These examples all involve variation. Another type of transformation involves changing context (which can be combined with variation).  BachAn example of a problem about context is a beautiful Cantabile, ma un poco adagio by Bach that was part of the second version his sixth sonata for violin and harpsichord, but then discarded in the third version.  The same music appears in two cantatas as arias with violin obligato with two different texts; and there is a possibility that it was used a decade earlier in a lost cantata.  The history of this “piece” is unknown, but in each case it was part of a larger work.  Today, the violin version is heard as a stand-alone. It is one of Bach’s most beautiful creations, but it feels like it needs to be part of something larger to have full effect. 

Listen to the Cantabile:


Context can mean taking a simple piece and incorporating it into Scheidtsomething much larger.  Scheidt’s Canzon super 'O Nachbar Roland' takes a simple folk melody and expands it to a 228 measure length.  During the process (which involves many ingenious types of variation) the original tune seems to vanish, only to reappear unexpectedly.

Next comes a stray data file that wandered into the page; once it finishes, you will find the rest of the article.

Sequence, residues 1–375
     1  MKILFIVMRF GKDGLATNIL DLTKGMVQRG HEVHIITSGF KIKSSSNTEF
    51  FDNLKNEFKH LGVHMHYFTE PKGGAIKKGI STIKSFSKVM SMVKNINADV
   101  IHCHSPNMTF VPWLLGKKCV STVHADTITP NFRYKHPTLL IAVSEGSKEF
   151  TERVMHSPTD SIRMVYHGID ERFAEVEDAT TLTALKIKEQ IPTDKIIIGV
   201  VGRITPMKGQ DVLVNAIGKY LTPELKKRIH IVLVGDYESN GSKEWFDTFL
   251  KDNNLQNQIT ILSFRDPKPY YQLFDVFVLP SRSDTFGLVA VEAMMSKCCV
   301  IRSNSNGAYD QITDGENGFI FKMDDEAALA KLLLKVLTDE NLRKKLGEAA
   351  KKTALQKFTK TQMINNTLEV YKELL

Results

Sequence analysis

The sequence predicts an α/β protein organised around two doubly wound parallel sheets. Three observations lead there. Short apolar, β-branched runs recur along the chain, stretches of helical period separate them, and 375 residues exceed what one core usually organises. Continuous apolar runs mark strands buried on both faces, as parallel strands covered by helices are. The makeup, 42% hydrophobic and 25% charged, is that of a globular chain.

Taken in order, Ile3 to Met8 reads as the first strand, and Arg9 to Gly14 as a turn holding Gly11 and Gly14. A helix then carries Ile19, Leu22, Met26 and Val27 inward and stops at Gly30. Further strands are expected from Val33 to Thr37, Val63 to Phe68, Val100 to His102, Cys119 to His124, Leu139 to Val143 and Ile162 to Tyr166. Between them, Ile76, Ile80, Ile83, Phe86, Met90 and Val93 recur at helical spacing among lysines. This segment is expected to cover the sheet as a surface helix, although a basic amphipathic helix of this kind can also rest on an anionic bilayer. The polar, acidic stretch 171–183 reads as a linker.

Listen to O Nachbar Roland:

Beethoven appreciated the power of context.  When asked to compose a ballet called The Creatures of Prometheus in 1801, he stole (borrowed?) Beethovenfrom himself a simple contradance tune, no. 7 of the set of twelve composed earlier which now became part of a larger work of theater music.  He then ‘borrowed’ this again to form a theme for a set of variations that constitutes the last movement of his path-breaking “Eroica” Symphony no. 3, composed in 1803.  In this final incarnation, the theme is deconstructed and reconstructed in astonishing ways to form a suitably grand and profound finale to this revolutionary symphonic work.  Clearly the variations are inseparable from the movement, which is (or should be) inseparable from the other three movements of the symphony.

Here is the Contredanse:


and here is the last movement of the Eroïca Symphony:


Having stretched my time-frame (and possibly my readers’ patience) beyond the realm of “early music” it is necessary to break off; the topic is endless, and I will look to my fellow WF-EMW bloggers to explore further facets of this fascinating subject.

Recent posts:

EMW 2019:
Dances of Love and War, by Ken Pierce

EMW 2018:
Transformative Dance, by Ken Pierce

Transformation, by Larry Wallach

Music: A Transformative Art, by Pamela Dellal

EMW 2017:
Music and nature, by Larry Wallach

Images of Nature in Dance, by Ken Pierce

EMW 2016:
Dancing to music, by Ken Pierce

Playing for historical dance, by Jane Hershey

EMW 2015:
Language, by Pamela Dellal

Genre, by Larry Wallach

Legacy, by Larry Wallach

EMW 2014:
The Spanish Golden Age in the Netherlands,
by Anne Legêne

Sephardic Music, by Jay Rosenberg

Ensalada by Salomé Sandoval